The Hawker Fury was a British biplane fighter aircraft used by the RAF in the 1930s.
It was a fast, agile aircraft, and the first interceptor in RAF service capable of speed higher than 200 mph (321 kmh).
It was the fighter counterpart to the Hawker Hart light bomber.
The Hawker Fury was a development of the earlier Hawker F.20/27 prototype fighter, replacing the radial engine of the F.20/27 with the new Rolls-Royce F.XI V-12 engine (later known as the Rolls-Royce Kestrel), which was also used by Hawker’s new light bomber, the Hawker Hart.
The new fighter prototype, known as the Hawker Hornet, first flew at Brooklands, Surrey, in March 1929.
The Hornet was a single-engined biplane, with single bay wings, initially powered by a 420 hp (313 kW) Rolls-Royce F.XIC engine enclosed by a smooth, streamlined cowling but was quickly re-engined with a 480 hp (358 kW) Kestrel IS.
The prototype was evaluated against the similarly powered Fairey Firefly II, being preferred because of its better handling and it’s all metal structure, compared with the mainly wooden construction of the Firefly.
The Hornet was purchased by the Air Ministry at the start of 1930 and was subject to more tests, with a small initial production order for 21 aircraft (to be called Hawker Fury as the Air Ministry wanted fighter names that “reflected ferocity”) placed during 1930.
The Fury I made its maiden flight at Brooklands, with chief test pilot George Bulman at the controls, on 25 March 1931.
The Fury was the first operational RAF fighter aircraft to be able to exceed 200 mph (322 km/h) in level flight.
It had highly sensitive controls which gave it superb aerobatic performance.
It was designed partly for the fast interception of bombers and to that end it had a climb rate of almost 2,400 ft/min (730 m/min, powered by a 525 hp/391 kW Kestrel engine).
An experimental prototype, the High-Speed Fury, was built to test design features for Hawker’s planned competitor for the F.7/30 fighter competition (the Hawker P.V.3) as well as for more general development.
While the P.V.3 was unsuccessful owing to the use of the unreliable evaporatively cooled Rolls-Royce Goshawk engine, many of the improvements tested on the High-Speed Fury were incorporated in an improved Fury II, with a cleaned-up airframe and reduced drag, powered by a 690 hp (515 kW) Mk4 Kestrel engine, which gave improved speed and rate of climb.
Sidney Camm designed a monoplane version of the Fury in 1933.
It was not developed until Rolls-Royce produced what became their famous Merlin engine.
The design was then revised according to Air Ministry specification F5/34 to become the prototype Hawker Hurricane.
Single-seat fighter prototype.
Powered by a Rolls Royce F.XIA and later by a 480 hp (358 kW) F.XIS.
Only one was built.
This aircraft was slightly smaller and lighter than the Fury and considered by Hawker as a separate type.
Fury Mk I
Single-seat fighter version, powered by a 525 hp (391 kW) Rolls Royce Kestrel IIs piston engine.
Fury Series 1A
Single-seat fighter for Yugoslavia, similar to Fury Mk I and powered by Kestrel IIS piston engine.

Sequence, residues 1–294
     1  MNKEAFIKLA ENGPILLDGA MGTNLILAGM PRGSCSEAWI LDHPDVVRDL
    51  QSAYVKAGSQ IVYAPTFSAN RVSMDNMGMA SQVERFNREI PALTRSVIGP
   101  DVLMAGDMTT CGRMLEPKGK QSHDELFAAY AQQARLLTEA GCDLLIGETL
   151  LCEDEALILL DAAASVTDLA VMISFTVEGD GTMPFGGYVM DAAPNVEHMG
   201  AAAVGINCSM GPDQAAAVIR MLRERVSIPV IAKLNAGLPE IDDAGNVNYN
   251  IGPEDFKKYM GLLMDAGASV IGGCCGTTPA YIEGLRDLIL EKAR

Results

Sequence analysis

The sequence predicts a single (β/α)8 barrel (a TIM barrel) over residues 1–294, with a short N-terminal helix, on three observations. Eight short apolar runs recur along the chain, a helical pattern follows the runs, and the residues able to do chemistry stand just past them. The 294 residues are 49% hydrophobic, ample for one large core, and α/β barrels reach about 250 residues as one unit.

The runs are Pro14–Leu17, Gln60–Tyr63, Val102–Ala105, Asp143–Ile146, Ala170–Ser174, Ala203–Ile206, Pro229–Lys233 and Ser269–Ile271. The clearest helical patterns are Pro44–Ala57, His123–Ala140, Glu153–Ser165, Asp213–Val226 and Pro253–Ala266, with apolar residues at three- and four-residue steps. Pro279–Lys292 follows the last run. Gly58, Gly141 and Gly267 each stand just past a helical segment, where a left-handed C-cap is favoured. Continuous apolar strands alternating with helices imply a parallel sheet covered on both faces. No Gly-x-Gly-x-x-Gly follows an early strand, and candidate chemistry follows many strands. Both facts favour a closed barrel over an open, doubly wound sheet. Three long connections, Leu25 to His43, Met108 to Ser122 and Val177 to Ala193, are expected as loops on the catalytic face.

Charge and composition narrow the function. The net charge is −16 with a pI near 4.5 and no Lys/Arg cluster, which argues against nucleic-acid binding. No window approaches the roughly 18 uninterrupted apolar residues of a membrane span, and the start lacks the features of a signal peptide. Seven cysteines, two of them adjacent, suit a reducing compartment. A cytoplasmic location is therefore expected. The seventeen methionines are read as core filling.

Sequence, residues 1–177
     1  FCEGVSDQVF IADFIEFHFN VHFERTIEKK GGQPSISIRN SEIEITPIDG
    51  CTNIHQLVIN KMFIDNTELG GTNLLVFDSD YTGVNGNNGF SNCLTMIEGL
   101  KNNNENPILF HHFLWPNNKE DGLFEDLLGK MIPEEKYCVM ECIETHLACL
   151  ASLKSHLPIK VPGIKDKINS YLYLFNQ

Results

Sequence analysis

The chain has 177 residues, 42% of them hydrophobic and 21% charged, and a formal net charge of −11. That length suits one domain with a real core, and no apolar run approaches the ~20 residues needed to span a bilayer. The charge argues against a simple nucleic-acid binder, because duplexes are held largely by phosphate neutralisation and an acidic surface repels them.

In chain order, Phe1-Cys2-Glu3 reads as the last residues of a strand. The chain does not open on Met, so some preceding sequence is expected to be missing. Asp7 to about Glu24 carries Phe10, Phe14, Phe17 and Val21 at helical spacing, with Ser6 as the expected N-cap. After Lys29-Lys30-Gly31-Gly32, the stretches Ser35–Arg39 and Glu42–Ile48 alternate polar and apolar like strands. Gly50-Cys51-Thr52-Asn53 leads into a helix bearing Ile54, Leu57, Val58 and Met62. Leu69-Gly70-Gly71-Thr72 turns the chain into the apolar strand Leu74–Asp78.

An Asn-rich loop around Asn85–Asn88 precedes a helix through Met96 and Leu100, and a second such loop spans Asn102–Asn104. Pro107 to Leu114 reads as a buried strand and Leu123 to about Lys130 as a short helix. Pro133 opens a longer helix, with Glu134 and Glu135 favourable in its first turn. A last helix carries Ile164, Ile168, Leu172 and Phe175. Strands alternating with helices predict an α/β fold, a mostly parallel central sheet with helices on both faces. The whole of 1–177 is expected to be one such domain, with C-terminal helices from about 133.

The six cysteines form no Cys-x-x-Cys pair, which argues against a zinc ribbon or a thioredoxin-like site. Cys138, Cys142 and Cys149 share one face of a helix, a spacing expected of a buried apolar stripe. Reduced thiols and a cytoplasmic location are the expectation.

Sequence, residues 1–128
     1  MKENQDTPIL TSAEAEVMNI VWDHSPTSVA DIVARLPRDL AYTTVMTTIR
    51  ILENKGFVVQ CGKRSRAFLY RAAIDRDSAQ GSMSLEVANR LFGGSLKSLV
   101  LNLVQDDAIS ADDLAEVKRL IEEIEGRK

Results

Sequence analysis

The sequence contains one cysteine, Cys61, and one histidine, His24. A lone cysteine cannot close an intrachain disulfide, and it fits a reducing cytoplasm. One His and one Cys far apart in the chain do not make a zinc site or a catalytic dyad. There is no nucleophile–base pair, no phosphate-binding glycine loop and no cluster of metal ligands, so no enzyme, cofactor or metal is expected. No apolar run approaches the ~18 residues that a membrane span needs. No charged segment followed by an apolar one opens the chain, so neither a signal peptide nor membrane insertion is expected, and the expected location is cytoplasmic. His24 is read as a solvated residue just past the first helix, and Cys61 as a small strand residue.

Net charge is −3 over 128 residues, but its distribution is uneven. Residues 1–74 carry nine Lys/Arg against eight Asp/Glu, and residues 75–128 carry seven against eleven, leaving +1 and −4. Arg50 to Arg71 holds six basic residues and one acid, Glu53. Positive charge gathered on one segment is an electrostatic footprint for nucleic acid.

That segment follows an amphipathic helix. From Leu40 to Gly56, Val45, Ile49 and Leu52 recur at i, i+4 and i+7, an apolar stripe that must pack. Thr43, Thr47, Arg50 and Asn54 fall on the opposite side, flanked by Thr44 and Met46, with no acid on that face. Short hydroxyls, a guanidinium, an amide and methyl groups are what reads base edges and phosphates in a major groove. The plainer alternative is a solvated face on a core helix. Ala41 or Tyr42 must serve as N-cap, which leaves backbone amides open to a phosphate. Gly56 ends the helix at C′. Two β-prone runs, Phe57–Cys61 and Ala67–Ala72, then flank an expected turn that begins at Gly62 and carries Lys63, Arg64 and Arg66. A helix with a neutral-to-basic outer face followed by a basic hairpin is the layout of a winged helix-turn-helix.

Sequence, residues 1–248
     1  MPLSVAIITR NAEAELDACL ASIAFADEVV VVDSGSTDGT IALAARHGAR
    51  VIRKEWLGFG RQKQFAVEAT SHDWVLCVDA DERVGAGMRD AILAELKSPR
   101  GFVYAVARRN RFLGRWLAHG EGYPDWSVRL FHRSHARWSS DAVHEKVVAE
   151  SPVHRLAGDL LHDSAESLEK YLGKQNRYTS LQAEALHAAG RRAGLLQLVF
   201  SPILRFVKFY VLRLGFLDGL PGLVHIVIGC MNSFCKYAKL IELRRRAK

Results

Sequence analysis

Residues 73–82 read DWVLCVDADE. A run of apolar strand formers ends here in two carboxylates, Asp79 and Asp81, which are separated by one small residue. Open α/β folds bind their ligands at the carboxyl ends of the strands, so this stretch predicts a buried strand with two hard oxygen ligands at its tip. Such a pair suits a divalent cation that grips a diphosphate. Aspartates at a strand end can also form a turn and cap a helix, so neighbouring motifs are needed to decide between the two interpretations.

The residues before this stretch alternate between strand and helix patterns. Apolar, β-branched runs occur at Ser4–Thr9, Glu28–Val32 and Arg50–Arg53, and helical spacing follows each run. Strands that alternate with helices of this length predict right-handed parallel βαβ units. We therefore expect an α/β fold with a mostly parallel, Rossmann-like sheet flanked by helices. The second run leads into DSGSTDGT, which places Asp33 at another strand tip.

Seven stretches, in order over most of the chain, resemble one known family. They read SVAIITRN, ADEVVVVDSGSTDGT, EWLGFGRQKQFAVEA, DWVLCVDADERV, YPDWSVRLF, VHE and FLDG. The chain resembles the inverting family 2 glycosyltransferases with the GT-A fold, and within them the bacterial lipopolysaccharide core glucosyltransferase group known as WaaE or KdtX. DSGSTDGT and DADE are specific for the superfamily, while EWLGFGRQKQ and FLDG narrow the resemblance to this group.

Six built by Hawker.
One was delivered fitted with a 500 hp (373 kW) Hispano-Suiza 12 NB engine, with poorer performance, and was re-fitted with a Kestrel, while a second was later used for trials with a 720 hp (537 kW) Lorraine Petrel HFrs engine.
Test and trials aircraft, used as a prototype; one built, British civil registration G-ABSE.
High Speed Fury
Single-seat high-speed trials and test aircraft, used as a prototype, which was developed into the Fury Mk II; one built.
Fury Mk II
Single-seat fighter version, powered by a 640 hp (477 kW) Rolls Royce Kestrel VI piston engine.
First flight 3 December 1936.
Total 112 built.
Revised single-seat fighter for Yugoslavia, powered by 745 horsepower (556 kW) Kestrel XVI piston engine, and fitted with low drag radiator and Dowty cantilever undercarriage with internally sprung wheels.
Provision for an additional two machine guns under wing.
Ten made by Hawker delivered 1936–37, with a further 40 licences built in Yugoslavia by Ikarus and Zmaj.
Single-seat fighter for Iran.
16 aircraft powered by a Pratt & Whitney Hornet S2B1g radial piston engine, driving a three-bladed propeller, ordered in January 1933.
A further six aircraft powered by a 550 hp (410 kW) Bristol Mercury VISP radial piston engine, fitted with a two-bladed propeller, ordered in May 1934, with several Hornet powered Furys re-engined.
One trial aircraft, fitted with a 530 hp (395 kW) Armstrong-Siddeley Panther IIIA radial piston engine; one built for Norway.
Modified version of the Fury Mk.I, three aircraft fitted with a Rolls-Royce Kestrel II piston engine; three built for Portugal.
Improved version of the Fury Mk.I, three aircraft fitted with a 700-hp Hispano-Suiza 12Xbrs engine; three built for Spain.
26 ft 9 in (8.15 m)
30 ft 0 in (9.14 m)
10 ft 2 in (3.10 m)
252 sq ft (23.4 m2)
2,734 lb (1,240 kg)
Max take-off weight
3,609 lb (1,637 kg)
1 × Rolls-Royce Kestrel IV,
Liquid cooled V12 engine,
640 hp (480 kW)
223 mph (359 km/h, 194 kn) at 16,500 ft (5,000 m)
270 mi (430 km, 230 nmi)
29,500 ft (9,000 m)
Time to altitude
3 min 50 s to 10,000 ft (3,000 m)
2 × 0.303 in (7.7 mm) Vickers Mk IV machine guns with 600 rpg.